|Title||Fertiliser requirements for balanced nutrition of cassava across eight locations in West Africa|
|Author(s)||Ezui, K.S.; Franke, A.C.; Mando, A.; Ahiabor, B.D.K.; Tetteh, F.M.; Sogbedji, J.; Janssen, B.H.; Giller, K.E.|
|Source||Field Crops Research 185 (2016). - ISSN 0378-4290 - p. 69 - 78.|
Plant Production Systems
|Publication type||Refereed Article in a scientific journal|
|Keyword(s)||Crop nutrient equivalent - Harvest index - Nitrogen - Nutrient use efficiency - Phosphorus - Potassium - QUEFTS|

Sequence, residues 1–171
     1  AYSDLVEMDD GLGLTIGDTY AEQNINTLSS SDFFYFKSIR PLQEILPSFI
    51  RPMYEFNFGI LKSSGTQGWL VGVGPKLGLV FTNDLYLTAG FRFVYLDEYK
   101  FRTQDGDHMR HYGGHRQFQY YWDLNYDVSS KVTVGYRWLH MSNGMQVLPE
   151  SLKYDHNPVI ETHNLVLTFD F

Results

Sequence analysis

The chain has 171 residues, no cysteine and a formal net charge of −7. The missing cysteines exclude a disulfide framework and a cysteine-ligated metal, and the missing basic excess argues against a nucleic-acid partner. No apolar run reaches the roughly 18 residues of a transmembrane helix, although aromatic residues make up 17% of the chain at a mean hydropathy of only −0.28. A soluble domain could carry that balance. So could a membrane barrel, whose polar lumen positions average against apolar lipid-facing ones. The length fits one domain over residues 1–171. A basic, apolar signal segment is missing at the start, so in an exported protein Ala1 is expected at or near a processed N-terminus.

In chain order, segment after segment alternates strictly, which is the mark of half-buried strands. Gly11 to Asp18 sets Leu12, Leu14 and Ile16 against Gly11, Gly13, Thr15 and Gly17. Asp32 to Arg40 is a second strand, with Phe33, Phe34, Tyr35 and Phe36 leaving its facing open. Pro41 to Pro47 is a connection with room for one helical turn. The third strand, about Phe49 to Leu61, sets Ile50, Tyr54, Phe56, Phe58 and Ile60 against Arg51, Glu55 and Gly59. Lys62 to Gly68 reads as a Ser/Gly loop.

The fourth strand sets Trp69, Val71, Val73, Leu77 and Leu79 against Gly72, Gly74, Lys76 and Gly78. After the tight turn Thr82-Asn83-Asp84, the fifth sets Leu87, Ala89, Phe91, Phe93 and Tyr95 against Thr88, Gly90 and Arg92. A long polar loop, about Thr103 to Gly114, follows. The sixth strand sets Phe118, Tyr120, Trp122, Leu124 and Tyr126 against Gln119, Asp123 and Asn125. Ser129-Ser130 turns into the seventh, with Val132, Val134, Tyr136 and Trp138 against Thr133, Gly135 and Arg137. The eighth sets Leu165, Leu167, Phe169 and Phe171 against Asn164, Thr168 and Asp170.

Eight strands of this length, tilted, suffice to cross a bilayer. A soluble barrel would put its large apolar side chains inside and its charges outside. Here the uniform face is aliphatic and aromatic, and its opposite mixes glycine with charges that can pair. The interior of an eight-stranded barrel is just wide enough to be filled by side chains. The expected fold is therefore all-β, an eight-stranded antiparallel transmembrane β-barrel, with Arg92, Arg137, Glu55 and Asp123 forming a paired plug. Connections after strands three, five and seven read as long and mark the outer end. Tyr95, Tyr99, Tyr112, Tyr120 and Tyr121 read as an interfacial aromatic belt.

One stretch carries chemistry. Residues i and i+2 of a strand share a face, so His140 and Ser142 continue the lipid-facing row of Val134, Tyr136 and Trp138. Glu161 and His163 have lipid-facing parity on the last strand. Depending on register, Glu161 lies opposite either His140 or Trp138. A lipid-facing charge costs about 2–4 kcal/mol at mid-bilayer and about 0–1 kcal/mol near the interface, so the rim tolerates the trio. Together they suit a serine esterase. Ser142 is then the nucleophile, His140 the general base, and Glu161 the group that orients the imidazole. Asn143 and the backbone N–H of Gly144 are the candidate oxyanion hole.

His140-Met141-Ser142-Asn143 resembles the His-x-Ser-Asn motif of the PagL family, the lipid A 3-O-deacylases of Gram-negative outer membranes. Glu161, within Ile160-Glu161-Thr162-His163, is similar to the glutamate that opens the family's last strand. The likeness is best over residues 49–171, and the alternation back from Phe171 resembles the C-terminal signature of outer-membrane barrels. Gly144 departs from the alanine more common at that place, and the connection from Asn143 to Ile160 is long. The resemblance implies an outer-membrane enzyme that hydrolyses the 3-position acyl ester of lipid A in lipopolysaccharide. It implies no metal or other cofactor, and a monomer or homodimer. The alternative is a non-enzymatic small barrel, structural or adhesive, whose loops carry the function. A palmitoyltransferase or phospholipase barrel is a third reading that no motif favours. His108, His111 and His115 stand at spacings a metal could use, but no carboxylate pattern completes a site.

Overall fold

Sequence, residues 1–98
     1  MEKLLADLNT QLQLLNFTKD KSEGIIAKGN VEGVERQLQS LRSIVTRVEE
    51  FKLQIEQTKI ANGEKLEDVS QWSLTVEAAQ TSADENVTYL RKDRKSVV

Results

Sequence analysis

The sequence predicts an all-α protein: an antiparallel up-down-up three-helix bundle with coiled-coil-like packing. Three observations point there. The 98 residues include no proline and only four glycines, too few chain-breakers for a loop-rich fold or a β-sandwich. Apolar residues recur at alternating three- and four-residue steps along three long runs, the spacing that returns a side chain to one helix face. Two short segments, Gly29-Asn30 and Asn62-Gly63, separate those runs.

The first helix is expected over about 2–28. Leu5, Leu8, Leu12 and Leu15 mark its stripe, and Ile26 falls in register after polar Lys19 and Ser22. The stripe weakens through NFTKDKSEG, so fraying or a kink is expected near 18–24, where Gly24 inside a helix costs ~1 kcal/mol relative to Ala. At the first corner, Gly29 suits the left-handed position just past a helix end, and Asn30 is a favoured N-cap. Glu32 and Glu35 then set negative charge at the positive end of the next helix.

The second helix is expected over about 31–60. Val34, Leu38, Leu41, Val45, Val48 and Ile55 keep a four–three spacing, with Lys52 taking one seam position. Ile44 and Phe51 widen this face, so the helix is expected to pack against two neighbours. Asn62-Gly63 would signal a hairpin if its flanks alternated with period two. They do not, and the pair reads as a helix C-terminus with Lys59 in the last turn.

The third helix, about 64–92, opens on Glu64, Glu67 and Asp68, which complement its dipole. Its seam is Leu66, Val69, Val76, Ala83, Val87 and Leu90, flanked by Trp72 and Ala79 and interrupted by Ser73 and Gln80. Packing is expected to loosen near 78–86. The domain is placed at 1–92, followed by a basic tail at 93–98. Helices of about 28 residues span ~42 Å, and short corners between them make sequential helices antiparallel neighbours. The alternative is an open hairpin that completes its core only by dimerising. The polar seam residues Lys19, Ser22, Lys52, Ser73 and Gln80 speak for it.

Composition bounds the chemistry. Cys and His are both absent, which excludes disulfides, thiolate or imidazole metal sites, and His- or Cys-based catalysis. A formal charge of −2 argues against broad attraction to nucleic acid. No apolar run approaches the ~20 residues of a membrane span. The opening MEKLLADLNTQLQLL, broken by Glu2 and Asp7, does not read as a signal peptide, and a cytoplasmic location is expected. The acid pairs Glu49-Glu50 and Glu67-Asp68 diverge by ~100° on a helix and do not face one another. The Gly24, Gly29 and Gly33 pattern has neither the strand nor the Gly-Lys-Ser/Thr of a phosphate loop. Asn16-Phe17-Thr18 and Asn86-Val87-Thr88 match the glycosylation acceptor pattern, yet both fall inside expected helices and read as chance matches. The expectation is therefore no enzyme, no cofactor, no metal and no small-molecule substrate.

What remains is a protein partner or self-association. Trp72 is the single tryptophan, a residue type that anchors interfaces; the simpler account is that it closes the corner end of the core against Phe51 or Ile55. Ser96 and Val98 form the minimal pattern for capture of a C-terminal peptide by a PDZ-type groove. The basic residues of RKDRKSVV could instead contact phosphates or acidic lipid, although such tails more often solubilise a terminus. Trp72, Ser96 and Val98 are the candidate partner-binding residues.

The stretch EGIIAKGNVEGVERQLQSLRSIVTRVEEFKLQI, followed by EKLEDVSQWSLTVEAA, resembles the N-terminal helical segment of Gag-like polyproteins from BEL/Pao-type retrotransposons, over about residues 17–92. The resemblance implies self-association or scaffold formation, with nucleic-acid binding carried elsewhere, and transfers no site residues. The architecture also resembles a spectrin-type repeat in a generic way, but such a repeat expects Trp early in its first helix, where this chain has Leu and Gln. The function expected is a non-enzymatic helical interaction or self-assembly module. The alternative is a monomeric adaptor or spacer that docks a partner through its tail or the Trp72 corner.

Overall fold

Insufficient and unbalanced fertiliser use widens cassava yield gaps. We assessed the spatial variability of optimal fertiliser requirements of cassava for enhanced nutrient use efficiency and increased yield using the balanced nutrition approach of the QUEFTS model. Two datasets comprised of five fertiliser experiments conducted at eight locations across Southern Togo, Southern Ghana and Northern Ghana from 2007 to 2012 were used. The ratio of storage roots dry matter yield over the sum of available N, P and K expressed in crop nutrient equivalent from the soil and nutrient inputs was used as a proxy to estimate nutrient use efficiency. Nutrient use efficiencies of 20.5 and 31.7kg storage roots dry matter per kilo crop nutrient equivalent were achieved at balanced nutrition at harvest index (HI) values of 0.50 and 0.65, respectively. N, P and K supplies of 16.2, 2.7 and 11.5kg at an HI of 0.50, and 10.5, 1.9 and 8.4kg at an HI of 0.65 were required to produce 1000kg of storage roots dry matter. The corresponding optimal NPK supply ratios are 6.0-1.0-4.2 and 5.3-1.0-4.2. Nutrient use efficiencies decreased above yields of 77-93% of the maximum. Evaluation of the performance of blanket fertiliser rates recommended by national research services for cassava production resulted in average benefit:cost ratios of 2.4±0.9, which will be unattractive to many farmers compared to 3.8±1.1 for the balanced fertiliser rates. The indigenous soil supply of nutrients revealed that, at balanced nutrition, K was the most limiting nutrient to achieve storage roots yields up to 8Mg dry matter ha-1 at most sites, whereas N and P were needed at greater yields. Dry weight of storage roots measured on the control plots in our researcher managed experiment ranged from 5.6 to 12.2Mgha-1, and were larger than the average weight in farmers' fields in West Africa of 4Mgha-1. Substantial yield increase could be attained in the region with improved crop management and fertiliser requirements formulation on the basis of balanced nutrition.